This process is similar for collisions between balls and rails, but instead I calculate the difference between the ball and the rail and set it equal to

Using the times calculated, I can determine if a collision is going to occur within a given amount of time. If so, I move the balls to the time of that collision and recalculate their velocity vectors before continuing.

For collisions between balls, the first step is to calculate the normal to the collision plane. This is along the line between the centers of the two balls, so the easiest way to calculate it is to normalize the difference between the position vectors of the two balls.

The next step is to divide each velocity vector into a normal component and a tangential component. The normal component for ball 2 will be in the direction of the normal vector, and the normal component for ball 1 will be in the direction opposite the normal vector. The magnitude of these normal vectors can be calculated using the dot product, as shown below.

Once I’ve calculated the normal components of their velocity vectors, I can calculate the tangential components using vector subtraction:

During the collision, the tangential velocity components do not change. Using the normal components, I can treat the collision as 1-dimensional. This is depicted in the example below. The red arrows represent the velocity vectors immediately before the collision. The blue arrows represent the normal components of those vectors and the green arrows represent the tangential components of those vectors. The black dotted line is the collision plane.

To deal with the one-dimensional collision, I once again use

The quantity

Since the masses of all the balls are identical, we can cancel out the mass terms, yielding the equation above. Using the

This equation yields two possible solutions, only one of which is practical. Therefore, assuming total elasticity in the balls,

Now I return to the 2-dimensional collision problem above. Since the normal velocity vectors can simply be exchanged, the velocity of each ball immediately after the collision can be obtained by adding the tangential velocity to the normal velocity of the ball it collides with. This is shown below (the red arrows now represent the velocity vectors immediately after the collision).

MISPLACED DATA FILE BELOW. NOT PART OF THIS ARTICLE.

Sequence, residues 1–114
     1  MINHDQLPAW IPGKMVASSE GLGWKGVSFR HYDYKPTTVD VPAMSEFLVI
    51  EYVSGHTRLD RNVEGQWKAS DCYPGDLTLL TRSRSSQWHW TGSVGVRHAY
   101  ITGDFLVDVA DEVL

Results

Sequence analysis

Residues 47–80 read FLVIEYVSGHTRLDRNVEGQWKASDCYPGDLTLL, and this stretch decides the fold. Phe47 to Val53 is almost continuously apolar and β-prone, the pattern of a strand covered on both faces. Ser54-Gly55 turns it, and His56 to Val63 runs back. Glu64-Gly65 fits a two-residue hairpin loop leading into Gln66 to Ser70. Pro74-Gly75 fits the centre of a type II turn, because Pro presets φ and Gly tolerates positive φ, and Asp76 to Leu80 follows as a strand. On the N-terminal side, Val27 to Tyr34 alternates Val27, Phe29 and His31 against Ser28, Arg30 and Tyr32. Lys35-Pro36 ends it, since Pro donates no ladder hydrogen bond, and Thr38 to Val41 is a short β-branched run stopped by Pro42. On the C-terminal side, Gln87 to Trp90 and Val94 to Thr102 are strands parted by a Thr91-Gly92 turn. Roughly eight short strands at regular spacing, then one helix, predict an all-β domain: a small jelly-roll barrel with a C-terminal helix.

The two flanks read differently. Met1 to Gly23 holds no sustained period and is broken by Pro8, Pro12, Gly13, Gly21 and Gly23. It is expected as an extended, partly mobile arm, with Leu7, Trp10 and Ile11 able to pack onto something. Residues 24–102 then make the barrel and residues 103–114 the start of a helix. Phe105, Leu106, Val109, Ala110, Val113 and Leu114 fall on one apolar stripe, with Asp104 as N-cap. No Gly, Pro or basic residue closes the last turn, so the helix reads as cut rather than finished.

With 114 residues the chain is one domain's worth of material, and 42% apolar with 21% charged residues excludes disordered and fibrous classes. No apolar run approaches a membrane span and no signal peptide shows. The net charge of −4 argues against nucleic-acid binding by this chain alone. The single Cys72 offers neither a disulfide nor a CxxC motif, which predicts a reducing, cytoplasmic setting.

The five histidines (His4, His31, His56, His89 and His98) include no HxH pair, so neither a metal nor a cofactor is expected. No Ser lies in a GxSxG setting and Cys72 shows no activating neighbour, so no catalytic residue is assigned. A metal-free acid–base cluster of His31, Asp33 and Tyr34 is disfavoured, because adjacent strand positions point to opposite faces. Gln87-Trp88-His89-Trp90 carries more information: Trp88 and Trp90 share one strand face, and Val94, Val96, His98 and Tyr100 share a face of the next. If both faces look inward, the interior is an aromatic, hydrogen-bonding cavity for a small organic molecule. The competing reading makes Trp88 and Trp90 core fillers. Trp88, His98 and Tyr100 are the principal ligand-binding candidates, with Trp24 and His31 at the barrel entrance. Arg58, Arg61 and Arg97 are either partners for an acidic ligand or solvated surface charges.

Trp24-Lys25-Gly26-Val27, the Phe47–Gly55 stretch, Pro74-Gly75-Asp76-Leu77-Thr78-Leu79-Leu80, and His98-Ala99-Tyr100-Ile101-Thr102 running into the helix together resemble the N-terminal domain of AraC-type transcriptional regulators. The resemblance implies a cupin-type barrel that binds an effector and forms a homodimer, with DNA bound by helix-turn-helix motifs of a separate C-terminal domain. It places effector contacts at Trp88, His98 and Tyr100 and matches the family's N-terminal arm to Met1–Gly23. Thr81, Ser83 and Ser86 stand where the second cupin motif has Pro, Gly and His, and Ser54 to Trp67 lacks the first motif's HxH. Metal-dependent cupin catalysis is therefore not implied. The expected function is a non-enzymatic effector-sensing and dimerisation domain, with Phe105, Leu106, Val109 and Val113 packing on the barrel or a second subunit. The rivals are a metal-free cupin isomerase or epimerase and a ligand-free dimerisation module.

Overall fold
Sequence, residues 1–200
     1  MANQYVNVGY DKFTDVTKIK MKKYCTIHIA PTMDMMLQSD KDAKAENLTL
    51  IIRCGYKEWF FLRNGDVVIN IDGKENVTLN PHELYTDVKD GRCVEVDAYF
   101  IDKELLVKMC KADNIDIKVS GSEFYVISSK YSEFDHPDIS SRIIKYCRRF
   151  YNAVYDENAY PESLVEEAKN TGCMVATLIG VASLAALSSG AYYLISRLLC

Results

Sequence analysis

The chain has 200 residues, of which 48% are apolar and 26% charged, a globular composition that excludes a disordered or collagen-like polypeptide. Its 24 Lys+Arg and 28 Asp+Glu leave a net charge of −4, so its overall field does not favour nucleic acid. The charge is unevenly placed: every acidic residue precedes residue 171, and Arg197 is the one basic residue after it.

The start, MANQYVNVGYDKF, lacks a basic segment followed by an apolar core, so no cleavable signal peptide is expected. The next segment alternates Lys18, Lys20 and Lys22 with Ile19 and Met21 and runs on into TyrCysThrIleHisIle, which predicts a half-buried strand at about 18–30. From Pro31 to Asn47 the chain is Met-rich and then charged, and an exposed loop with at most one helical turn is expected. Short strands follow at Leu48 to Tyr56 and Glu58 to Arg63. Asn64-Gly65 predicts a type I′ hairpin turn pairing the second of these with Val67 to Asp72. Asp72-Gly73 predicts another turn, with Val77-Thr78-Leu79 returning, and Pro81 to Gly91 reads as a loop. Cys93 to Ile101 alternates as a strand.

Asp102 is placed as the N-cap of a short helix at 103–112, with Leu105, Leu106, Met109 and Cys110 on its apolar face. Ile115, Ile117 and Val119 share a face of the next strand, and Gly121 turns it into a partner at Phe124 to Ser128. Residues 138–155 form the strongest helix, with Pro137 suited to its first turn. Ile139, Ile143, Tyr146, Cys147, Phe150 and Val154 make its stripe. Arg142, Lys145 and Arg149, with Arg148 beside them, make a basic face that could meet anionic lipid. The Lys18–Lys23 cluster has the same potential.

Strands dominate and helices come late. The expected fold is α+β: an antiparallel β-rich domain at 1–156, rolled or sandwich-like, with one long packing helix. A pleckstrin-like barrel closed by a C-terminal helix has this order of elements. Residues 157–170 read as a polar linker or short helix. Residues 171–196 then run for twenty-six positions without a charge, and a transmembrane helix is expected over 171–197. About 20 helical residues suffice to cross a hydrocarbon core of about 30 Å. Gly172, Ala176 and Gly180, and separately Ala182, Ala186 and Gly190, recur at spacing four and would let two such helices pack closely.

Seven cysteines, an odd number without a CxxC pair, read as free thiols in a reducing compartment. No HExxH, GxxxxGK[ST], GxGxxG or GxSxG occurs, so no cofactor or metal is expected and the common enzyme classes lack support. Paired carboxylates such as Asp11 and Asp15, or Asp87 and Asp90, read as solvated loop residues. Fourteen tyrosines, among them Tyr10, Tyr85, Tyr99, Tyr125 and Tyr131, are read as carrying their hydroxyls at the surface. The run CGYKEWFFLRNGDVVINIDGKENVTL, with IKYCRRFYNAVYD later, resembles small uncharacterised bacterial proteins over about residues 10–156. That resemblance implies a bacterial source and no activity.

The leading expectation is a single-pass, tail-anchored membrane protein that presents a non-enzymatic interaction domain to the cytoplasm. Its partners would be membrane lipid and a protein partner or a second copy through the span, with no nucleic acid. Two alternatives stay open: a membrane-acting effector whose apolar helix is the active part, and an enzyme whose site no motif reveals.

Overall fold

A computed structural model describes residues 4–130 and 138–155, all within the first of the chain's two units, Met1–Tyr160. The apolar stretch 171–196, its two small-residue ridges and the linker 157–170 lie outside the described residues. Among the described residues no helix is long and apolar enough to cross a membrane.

The red vectors in the diagram on the right can be calculated using the equations below:

Now that I’ve handled the linear aspect of the collision, I have to consider the rotational aspect of it. The concepts are similar, but must now concern angular momentum and angular velocity instead of linear momentum and linear velocity. Angular momentum is denoted by

A rotational equivalent to the version of

However, the net torque during the collision is not zero because of the friction between the balls. Calculating the torque applied by this frictional force requires calculating the perimeter velocities of each of the balls at the point of collision. This is similar to the way I calculated the frictional force applied by the felt in stage 2, with some slight changes. There is a different coefficient of friction,

In this equation, vectors

Using this frictional force, I can calculate the change in angular velocity of ball 2 in the same way I did during stage 2, substituting the proper frictional force. This is shown below.

The exact same calculations can be made for ball 1, allowing me to obtain the change in angular velocity for ball 1 as well.

For collisions between a ball and a rail, a similar process is necessary.